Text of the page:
Drone scare aborts landing
On the night of 17 August the pilot of an Air NZ A320 on final approach to Queenstown Airport and carrying 153 passengers was forced to abort his final approach and fly into the circuit after an unmanned aerial vehicle (UAV) was sighted in the air near the airport runway.
Flight NZ647 from Auckland landed some10min later than scheduled, at 4.35pm, without incident, according to the CAA.
Emily Davies, head of Public Affairs for Airways NZ, says, “A UAV was sighted by our Queenstown control tower controllers at about 3.50pm, airborne near the Lake Hayes end of the Queenstown Airport runway. In accordance with our normal procedures, Airways reported this unauthorised flight to the police.
“As a precautionary measure, our controllers instructed an aircraft to go around until we could be certain the airspace was clear for a safe landing. We gave clearance for the aircraft to land shortly afterwards.”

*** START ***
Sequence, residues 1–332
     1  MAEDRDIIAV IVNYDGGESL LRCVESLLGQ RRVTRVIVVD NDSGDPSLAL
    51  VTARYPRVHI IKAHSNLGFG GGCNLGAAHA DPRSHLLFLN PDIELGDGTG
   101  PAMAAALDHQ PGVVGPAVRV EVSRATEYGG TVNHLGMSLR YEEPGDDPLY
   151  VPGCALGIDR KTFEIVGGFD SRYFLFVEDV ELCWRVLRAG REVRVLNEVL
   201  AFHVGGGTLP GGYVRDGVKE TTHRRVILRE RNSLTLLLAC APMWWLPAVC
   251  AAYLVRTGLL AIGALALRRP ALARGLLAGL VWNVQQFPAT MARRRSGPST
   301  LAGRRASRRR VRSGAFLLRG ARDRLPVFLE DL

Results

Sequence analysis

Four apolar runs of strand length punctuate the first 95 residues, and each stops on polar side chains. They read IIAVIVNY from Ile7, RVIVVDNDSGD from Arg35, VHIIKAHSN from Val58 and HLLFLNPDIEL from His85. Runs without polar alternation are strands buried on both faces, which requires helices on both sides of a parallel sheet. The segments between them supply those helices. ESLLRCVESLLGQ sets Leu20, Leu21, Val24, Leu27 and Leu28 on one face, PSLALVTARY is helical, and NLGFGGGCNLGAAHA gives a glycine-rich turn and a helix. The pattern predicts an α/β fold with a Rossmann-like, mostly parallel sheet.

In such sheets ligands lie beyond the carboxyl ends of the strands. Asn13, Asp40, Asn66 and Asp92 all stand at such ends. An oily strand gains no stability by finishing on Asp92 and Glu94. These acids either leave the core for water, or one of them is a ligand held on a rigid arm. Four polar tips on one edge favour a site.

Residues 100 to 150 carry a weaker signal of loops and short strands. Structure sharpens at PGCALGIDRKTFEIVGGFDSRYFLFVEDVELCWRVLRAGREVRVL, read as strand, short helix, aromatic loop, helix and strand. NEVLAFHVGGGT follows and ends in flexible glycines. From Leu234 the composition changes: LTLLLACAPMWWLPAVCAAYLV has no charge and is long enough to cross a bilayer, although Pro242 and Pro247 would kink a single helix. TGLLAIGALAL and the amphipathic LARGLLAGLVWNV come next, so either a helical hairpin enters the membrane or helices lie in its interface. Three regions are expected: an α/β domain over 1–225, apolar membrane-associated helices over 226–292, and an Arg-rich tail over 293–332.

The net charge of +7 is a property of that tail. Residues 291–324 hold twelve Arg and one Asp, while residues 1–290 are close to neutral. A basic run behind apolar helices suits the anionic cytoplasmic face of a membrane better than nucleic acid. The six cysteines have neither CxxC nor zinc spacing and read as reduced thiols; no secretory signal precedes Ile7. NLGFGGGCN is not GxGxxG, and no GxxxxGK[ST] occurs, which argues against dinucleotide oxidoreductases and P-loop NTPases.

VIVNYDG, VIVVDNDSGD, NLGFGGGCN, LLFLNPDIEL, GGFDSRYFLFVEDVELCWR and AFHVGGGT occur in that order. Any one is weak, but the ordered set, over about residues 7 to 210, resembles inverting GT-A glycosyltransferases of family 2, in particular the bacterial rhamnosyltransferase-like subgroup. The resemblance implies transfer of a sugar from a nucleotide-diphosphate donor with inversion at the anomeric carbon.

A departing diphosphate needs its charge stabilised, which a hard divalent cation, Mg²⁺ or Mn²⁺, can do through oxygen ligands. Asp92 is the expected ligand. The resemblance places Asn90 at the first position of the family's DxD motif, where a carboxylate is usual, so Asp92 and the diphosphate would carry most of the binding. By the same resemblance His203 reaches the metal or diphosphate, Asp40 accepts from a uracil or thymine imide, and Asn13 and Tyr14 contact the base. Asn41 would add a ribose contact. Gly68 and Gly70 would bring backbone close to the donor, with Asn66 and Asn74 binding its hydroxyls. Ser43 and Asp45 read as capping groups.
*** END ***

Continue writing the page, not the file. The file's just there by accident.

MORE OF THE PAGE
She confirmed that ATC had not given authorisation for the UAV to operate in this safety-critical area. According to CAA rules, UAV aircraft must not be flown within 4km of any controlled aerodrome, without authorisation from air traffic control.
As a result of the call from Airways staff, police went to the Lake Hayes Estate subdivision which borders the Kawarau River on the flight path for aircraft landing or taking off at the international airport. The UAV had been sighted in this area.
CAA corporate communications manager Mike Richards hopes the police will identify the person responsible for the UAV operation. When this happens, he believes the police should arraign this person with the maximum charge available, which is included in the statute as “endangerment to aircraft”. On conviction such a charge carries a penalty of 12 months imprisonment and/or a very substantial fine.
He admits the police could issue a warning only to the person illegally flying the UAV but believes the full weight of the law should be felt in this case to emphasise the serious nature of the matter. He also points out that the CAA may undertake its own regulatory investigation of the matter, which it is entitled to do under its enabling legislation.
The person flying the UAV had not yet been found at press time.
- Report by John King.
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